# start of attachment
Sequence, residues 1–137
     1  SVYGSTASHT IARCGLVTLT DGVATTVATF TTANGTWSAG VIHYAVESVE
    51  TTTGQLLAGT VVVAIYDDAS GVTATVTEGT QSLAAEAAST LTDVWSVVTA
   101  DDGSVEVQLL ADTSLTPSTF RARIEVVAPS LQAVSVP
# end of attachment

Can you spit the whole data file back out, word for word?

Sequence, residues 1–137
     1  SVYGSTASHT IARCGLVTLT DGVATTVATF TTANGTWSAG VIHYAVESVE
    51  TTTGQLLAGT VVVAIYDDAS GVTATVTEGT QSLAAEAAST LTDVWSVVTA
   101  DDGSVEVQLL ADTSLTPSTF RARIEVVAPS LQAVSVP